When the coronavirus pandemic was hitting America in full force, people were encouraged to stay home unless absolutely necessary. Hospital visits were restricted and elective operations were put on hold. According to data from the nonprofit Health Care Cost Institute, that has rippled out and affected preventive health care visits as well.
Data collected from millions of insurance claims shows why Americans are visiting the doctor — and in this case, what they are avoiding.
Vaccinations saw about a 60% drop while colonoscopies plummeted to a nearly all-time low. Other preventive visits that saw steep drops include contraceptives like IUDs and cancer screenings like mammograms, the latter of which fell 77% at the height of the pandemic.
Doctors originally thought that the sharp drop in visits would be somewhat balanced out by a surge in appointments once stay-at-home orders were lifted. However, that hasn’t been the case. preventive procedure numbers have been going up, but only at a slow crawl. At this point, many experts fear it will be a long time before we see preventive care appointments at pre-pandemic levels.
Stress has been linked to a huge number of health issues. Continuously elevated stress levels can increase a person’s risk of heart disease, weaken the immune system, increase blood pressure, affect the reproductive system, and cause severe headaches and migraines. In short, it may be one of the single biggest factors in determining a person’s overall health.
Unfortunately, sources of stress are everywhere. The most obvious of these is the COVID-19 pandemic, which has cost people financially, closed schools, and isolated people more than ever. Combine all of these together and stress levels are bound to rise, leading to a sharp uptick in cases of depression and deteriorating mental health in many populations.
In the U.S., the upcoming election is also providing many people with unavoidable stress. Political arguments are never pleasant, but this particular election has been especially divisive. Families that have differing political opinions can find themselves fractured under the additional strain. Then there is the anxiety that comes with the election itself. Many people are heavily invested in the outcome of the election, and just the possibility of an unfavorable result is enough to cause them distress.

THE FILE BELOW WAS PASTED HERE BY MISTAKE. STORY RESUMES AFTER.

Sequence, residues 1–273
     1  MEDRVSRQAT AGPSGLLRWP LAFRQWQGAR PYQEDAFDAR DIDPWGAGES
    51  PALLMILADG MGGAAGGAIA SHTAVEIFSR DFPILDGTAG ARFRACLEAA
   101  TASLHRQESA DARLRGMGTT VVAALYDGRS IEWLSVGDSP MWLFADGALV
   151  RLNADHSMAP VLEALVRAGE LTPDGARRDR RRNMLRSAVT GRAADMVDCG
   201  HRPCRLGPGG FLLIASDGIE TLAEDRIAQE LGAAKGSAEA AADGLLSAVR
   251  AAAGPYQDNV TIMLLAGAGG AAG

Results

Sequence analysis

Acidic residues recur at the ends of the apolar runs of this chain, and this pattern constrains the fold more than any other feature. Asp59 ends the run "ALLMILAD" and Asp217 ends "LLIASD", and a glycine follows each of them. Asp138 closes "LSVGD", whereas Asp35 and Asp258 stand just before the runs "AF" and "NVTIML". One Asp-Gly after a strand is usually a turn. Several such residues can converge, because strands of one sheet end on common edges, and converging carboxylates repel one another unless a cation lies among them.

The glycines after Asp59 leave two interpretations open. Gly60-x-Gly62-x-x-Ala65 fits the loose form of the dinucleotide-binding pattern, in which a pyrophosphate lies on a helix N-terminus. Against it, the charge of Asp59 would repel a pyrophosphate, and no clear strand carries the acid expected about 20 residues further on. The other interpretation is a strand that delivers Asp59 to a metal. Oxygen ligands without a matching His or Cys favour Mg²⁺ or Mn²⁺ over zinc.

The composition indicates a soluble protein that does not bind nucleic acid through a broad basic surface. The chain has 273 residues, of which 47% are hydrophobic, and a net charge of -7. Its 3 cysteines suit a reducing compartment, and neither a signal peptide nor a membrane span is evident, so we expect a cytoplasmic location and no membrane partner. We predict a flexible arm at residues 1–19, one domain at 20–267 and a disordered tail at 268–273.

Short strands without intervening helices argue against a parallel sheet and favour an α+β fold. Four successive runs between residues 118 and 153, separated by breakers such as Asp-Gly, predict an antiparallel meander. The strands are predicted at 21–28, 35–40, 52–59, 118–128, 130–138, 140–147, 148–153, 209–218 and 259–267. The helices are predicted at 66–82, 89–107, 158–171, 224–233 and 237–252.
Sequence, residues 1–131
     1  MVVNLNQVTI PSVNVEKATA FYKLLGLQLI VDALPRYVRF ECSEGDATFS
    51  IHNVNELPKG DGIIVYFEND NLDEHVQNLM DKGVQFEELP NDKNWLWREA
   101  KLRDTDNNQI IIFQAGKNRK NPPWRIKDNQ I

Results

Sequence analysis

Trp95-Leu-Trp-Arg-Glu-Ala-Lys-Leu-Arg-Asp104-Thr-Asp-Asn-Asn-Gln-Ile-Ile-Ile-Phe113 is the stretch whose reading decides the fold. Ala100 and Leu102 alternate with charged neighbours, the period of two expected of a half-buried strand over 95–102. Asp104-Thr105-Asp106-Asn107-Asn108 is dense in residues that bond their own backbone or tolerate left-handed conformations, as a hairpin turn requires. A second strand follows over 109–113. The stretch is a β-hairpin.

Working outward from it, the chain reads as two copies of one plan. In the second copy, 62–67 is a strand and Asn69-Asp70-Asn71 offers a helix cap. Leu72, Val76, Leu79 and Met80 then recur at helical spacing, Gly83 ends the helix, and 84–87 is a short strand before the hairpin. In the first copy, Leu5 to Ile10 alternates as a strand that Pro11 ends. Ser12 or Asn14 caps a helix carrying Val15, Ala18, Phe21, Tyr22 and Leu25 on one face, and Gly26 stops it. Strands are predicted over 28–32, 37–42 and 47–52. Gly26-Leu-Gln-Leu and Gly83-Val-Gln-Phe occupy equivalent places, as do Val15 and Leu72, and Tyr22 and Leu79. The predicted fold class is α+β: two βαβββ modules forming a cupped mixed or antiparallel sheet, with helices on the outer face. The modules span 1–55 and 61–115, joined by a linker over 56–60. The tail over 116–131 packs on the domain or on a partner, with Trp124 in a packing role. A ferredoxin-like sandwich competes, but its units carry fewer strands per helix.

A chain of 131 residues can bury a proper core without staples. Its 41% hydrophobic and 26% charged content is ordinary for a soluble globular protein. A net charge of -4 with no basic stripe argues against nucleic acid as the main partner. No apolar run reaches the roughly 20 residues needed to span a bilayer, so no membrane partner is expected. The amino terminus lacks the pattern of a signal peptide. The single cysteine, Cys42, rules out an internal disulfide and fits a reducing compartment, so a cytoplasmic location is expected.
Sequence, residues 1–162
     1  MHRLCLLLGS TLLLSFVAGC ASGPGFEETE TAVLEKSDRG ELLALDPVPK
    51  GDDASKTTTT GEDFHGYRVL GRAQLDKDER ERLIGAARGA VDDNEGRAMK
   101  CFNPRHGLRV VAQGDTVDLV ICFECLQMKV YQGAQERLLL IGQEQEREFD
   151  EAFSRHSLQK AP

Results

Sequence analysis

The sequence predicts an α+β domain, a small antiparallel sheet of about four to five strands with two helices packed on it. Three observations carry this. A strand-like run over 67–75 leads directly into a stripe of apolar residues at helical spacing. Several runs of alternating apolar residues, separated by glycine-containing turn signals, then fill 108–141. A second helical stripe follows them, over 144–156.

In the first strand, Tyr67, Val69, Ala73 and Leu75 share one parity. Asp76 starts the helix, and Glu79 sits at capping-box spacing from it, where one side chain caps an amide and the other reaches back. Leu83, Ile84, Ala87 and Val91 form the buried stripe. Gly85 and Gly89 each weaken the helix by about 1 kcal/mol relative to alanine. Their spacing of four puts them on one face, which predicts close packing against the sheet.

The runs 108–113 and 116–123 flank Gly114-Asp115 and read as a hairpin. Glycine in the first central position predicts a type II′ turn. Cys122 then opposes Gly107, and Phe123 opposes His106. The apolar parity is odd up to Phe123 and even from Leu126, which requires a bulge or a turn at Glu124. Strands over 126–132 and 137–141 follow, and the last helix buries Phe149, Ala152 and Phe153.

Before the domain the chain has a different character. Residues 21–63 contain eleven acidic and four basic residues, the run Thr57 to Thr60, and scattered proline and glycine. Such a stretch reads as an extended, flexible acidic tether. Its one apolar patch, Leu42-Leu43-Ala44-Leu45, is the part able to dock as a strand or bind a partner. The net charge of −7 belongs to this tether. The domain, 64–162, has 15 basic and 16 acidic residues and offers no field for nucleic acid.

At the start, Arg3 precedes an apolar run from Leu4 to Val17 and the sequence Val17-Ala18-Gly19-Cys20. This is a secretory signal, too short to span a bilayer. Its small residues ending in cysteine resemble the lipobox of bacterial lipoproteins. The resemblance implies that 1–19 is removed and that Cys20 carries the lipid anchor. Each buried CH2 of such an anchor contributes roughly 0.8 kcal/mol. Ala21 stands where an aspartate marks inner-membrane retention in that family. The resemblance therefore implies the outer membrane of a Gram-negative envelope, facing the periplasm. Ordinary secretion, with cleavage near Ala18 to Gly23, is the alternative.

The fact that this rise in stressors is happening at the same time as a steep decline in preventive care visits is especially concerning for health care professionals, who see it as a potential “perfect storm” of dangerous circumstances.
While many people think of preventive care in terms of annual checkups and eye appointments, preventive tests can be literal lifesavers. There are many forms of cancer that don’t produce any symptoms until they are much more advanced and difficult to treat. Many people don’t exhibit any warning signs of a stroke until they have one. And 90% of the people who are prediabetic don’t even know it. This is why the drop in preventive care appointments is so concerning. Without these appointments, doctors are unable to catch health issues before they become more serious.
With such a large drop in screenings, will we see a spike in preventable illnesses and medical issues in the future? Only time will tell, but an increase in things like heart disease, cancer deaths, or rises in vaccinated illnesses like measles are certainly a possibility.
Preventive care is the most important thing you can do to preserve and maintain your health. Don’t put off essential appointments just because the need doesn’t feel immediate. One test today can save you from severe consequences later.
If you want to get screened and assess your health, you can start by finding the Life Line Screening facility nearest you.